Monday, July 4, 2011

FTT Off-Topic: Buy American Design

I do not generally talk about The Day Job here, because you could not possibly care, and this is supposed to be a blog about sports and all. Says so right there in the title. But enough of y'all know me from Day Job Concerns, and this is, after all, An American Blog, so let's have it.

Foreign design.

The reason n I bring this up is that the new job has been using it, which means that I have to go to a certain Web site to check on it... and the magic of such things is that now I get banners from that place on this site, just to remind me of the existence of the place. Not exactly the best use of Web advertising dollars there, but so be it.

It's such a cost savings, you see? Why pay an American graphic design professional when we can just use some third-world source, especially for production-level banners and logo designs. Photoshop is Photoshop, and it's just the way of the digital world, don't you see? We'll have someone for whom $10-$20 an hour is a caliph's wage, and even if the front shell organization that pimps out these people are taking a ruinous cut, it's got to be cheaper. Right?

Well, um, not so much. In my experience, actually, never. Let us count the ways.

The first is the dreaded monthly retainer. You've got tons of design jobs that you need, right? Otherwise, you wouldn't be looking into farming the work out in the first place. So why not just pay Off World Design a stipend five-figure check every month and don't sweat the small stuff, the rampant revisions, the slow turnaround times and the overall meh feeling? You'll get the security you need to just forget about the monthly retainer payment and everything. (Needless to say, this is the way to slow service, and not much of it.)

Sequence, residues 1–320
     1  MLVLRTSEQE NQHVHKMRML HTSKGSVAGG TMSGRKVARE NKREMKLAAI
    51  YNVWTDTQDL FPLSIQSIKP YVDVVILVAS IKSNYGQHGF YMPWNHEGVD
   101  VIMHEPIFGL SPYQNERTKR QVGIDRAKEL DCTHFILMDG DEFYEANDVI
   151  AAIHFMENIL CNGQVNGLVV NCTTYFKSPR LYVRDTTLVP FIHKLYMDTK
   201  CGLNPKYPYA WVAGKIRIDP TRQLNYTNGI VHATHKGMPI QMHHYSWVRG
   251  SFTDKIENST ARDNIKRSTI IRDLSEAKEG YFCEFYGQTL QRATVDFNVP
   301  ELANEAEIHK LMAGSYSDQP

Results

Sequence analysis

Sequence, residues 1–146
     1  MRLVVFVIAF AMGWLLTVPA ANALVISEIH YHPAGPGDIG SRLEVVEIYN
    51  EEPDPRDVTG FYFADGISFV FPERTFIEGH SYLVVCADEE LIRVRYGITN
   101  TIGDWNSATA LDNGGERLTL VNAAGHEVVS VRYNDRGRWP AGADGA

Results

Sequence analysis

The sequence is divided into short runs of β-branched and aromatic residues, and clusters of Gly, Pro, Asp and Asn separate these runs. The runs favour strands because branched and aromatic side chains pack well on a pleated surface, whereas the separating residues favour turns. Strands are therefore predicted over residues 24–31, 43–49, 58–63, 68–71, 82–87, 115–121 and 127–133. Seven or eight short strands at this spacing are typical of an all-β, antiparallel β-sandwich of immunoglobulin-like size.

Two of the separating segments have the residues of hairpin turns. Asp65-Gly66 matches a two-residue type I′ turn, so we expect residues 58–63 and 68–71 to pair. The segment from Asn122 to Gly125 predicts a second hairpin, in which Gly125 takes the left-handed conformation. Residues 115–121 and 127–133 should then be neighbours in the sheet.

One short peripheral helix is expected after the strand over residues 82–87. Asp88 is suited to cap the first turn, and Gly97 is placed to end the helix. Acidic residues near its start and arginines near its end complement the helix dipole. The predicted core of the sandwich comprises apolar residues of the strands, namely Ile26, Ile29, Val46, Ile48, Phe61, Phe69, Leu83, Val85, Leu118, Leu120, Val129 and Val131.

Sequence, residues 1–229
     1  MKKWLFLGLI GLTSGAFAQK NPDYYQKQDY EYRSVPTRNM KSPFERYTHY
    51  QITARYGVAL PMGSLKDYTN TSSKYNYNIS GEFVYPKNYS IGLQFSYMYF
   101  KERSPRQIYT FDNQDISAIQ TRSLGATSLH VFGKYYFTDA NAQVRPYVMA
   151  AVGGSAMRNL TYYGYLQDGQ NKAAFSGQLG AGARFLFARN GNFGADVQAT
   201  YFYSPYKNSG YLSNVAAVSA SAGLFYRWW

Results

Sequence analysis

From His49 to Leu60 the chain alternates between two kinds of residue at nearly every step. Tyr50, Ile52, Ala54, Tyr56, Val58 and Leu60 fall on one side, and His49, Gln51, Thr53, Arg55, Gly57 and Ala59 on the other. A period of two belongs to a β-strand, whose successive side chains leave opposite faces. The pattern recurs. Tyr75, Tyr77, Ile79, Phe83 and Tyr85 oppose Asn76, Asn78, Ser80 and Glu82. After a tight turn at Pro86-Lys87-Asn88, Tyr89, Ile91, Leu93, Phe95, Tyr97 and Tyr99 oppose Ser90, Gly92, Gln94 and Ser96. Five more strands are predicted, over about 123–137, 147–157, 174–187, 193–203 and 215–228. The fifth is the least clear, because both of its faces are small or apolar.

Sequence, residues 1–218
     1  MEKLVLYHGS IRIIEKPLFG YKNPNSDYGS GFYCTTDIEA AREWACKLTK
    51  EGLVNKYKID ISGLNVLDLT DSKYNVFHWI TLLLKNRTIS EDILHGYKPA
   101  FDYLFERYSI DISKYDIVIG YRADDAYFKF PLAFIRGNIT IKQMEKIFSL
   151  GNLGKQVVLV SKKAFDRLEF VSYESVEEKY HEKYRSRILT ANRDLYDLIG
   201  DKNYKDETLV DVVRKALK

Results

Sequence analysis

The second is the revision cycle overcharge. How could you possibly need more than three revision cycles for any piece of art? Well, simple: you could be working in the modern digital age for a client that cares about their brand a little too much, or who needs to get something approved first in their own immediate circle, then later by compliance and legal police, and then a third time by branding enforcers or a seagull manager executive. In other words, three revision cycles is going to be hit pretty often. Which is when Mr. Foreign Design Source... decides that the revision cycle process has just gotten too onerous, and you need to start with a fresh charge on the work. So your most trivial charge is going to cost... the same as a whole new job. Fair, no?

Final point of joy is where you need to have older files modified. The cost of storing such things is just immense, really; work on any file that's more than three months old, and you've got to go into the vault, reanimate the file with a stunning amount of power under a full moon, and pay to send the designer back in time, to a more innocent age where he or she can fully channel the younger designer that had the courage and vision to work on this thing. Or they could, you know, just access the file the same way they do any other job. Only with Foreign Design, it's... you guesses it, a brand new job. No, seriously. Nice lack of work if you can charge for it.

So if you are ever in a position where you are being made to consider Third World Design... just don't. It's not as price-competitive as you think it is (if, indeed, it is at all), the quality of work and turnaround time can't compete, and that sense of immorality that's gnawing at your innards isn't wrong. Keep the job in America, where it belongs, and use the threat of Third World Design for the only defensible position you can use it for: negotiating against your American designers to keep their costs down. (Hey, it's not as if it has no use. Or that I should have written that last part out loud.)

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